I look up to a festooning of obsolete cartoon characters trailing their tag-lines, shimmying out of costumes while their colours are unpicked to make them suitable for all receivers. They run rings around their loveliness; striking vogues before breakaway clusters, their reasons no longer commercial. Why does this one wear her skirt so short when the light-lag is only 40 years, not the stipulated 186,000 (and that was all a misunderstanding)? She burst before the next feature: a white healed scar tissue, long and beautiful and grey as a horse jumping a bar, scattering glass like the slow explosion of surprise fennel. I am waiting for the next thing to be good.

But it goes very dark and I look down at the sound of my feet shuffling cough-marks in the carpet.

Then the lights. And looking across I see Lilly, her eyes settling rainbows for twins: expensive marbles fired impossibly and simultaneously from something double-barrelled, like the most elegant surname from an old Catholic family. Flecks impersonating minstrels tinkering with platelets throw nickels to Irony, who is inflated with pride and is thanked for fucking off.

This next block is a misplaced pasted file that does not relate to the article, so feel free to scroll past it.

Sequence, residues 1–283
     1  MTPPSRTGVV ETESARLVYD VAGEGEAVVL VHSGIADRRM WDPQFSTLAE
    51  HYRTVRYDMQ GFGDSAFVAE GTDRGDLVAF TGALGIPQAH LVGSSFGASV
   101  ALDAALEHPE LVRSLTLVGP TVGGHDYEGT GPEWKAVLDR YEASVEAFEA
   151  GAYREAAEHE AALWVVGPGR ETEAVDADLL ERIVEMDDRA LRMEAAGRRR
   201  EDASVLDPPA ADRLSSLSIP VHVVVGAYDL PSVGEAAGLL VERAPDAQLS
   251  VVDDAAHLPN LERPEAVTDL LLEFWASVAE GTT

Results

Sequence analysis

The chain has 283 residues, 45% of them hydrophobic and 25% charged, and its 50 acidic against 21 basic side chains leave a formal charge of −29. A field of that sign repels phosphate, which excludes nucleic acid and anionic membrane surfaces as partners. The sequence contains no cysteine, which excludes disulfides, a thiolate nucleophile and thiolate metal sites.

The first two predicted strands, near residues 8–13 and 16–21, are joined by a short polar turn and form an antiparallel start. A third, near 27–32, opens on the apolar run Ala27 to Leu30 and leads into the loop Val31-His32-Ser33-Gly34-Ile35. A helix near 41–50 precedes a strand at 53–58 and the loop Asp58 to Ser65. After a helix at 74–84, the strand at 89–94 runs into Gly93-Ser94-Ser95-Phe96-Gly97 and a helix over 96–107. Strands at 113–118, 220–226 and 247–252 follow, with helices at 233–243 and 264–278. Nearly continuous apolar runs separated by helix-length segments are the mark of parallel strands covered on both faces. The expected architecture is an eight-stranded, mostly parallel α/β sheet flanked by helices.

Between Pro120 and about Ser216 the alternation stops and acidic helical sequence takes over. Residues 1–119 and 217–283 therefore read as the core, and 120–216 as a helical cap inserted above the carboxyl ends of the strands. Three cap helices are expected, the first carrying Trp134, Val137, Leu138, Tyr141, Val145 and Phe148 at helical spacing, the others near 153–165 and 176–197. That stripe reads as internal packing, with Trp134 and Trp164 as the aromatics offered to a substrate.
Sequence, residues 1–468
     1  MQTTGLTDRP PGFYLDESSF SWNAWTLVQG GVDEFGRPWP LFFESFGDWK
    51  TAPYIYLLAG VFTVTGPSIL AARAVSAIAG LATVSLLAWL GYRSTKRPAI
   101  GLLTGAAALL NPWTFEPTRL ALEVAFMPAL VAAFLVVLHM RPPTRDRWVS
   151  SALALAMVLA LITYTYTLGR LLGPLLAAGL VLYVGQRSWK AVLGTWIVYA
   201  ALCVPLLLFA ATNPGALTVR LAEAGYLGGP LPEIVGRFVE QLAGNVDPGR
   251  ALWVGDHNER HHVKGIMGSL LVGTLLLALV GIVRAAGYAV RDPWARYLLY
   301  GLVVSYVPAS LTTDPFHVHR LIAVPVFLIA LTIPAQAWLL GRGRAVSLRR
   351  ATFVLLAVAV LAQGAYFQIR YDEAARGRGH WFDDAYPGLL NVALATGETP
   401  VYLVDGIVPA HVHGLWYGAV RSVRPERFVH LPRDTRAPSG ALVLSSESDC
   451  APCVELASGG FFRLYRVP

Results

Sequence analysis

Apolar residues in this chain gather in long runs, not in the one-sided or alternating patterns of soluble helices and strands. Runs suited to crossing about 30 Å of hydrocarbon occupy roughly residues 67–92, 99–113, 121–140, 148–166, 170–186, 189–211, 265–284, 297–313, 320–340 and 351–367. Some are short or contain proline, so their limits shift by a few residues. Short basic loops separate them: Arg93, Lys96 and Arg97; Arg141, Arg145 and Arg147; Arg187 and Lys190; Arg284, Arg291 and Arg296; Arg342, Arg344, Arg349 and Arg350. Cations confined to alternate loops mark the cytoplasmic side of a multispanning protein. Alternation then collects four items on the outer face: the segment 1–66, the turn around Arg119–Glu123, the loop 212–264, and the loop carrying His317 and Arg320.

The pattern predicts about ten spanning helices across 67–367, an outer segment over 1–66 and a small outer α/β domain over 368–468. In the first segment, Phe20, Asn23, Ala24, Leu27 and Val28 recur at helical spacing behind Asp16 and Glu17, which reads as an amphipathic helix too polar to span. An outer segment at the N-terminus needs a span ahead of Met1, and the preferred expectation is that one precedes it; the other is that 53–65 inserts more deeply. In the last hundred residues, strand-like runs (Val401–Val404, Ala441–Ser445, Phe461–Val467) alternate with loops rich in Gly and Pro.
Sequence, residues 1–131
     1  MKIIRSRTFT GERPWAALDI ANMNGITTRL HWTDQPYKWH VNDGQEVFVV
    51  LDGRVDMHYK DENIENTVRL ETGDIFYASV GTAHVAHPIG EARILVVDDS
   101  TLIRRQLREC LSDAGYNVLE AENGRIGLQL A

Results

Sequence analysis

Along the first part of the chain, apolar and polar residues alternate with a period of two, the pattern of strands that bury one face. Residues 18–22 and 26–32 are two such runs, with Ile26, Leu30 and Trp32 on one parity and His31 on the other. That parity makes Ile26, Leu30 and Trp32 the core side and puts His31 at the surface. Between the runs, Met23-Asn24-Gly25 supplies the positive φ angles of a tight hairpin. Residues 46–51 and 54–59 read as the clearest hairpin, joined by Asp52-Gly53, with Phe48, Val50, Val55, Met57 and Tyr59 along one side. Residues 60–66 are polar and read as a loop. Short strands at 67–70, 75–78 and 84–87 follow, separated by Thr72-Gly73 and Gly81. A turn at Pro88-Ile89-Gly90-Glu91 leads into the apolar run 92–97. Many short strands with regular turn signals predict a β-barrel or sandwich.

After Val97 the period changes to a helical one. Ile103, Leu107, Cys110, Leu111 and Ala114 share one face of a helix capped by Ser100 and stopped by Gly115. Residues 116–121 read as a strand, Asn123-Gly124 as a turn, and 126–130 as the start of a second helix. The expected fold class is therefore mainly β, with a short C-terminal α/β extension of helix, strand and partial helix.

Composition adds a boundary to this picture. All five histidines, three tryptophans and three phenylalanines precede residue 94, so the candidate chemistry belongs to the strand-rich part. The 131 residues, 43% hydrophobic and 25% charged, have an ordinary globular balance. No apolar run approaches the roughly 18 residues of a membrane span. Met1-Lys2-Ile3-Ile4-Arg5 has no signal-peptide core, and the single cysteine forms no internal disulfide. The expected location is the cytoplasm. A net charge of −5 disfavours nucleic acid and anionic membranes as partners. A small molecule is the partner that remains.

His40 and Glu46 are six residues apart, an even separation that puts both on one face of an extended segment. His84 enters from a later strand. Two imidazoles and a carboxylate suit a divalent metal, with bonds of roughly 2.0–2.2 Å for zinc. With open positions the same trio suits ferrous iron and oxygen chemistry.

When the show is over there is nowhere else to look and my internal piano reels jangle – cold silver-plated against hot – a feeling of removing elastoplast slowly and being free soon to visit Lilly and her planetarium again.

—Nathan Thompson

Posted by dwaber at 02:20 PM

June 07, 2007

laws of attraction


the day you stole that harmonica

was the first day of the rest of my life


                                                                      I wish

I could understand the colours you blow

that wave on the frequency of night-lilies

collating what they dredge

                         sweetening the philistine edges

of your dimly lit ornamental music


I expect the frogs will be at it for some time

winking like ellipses in brilliant prose


arguing an eloquent case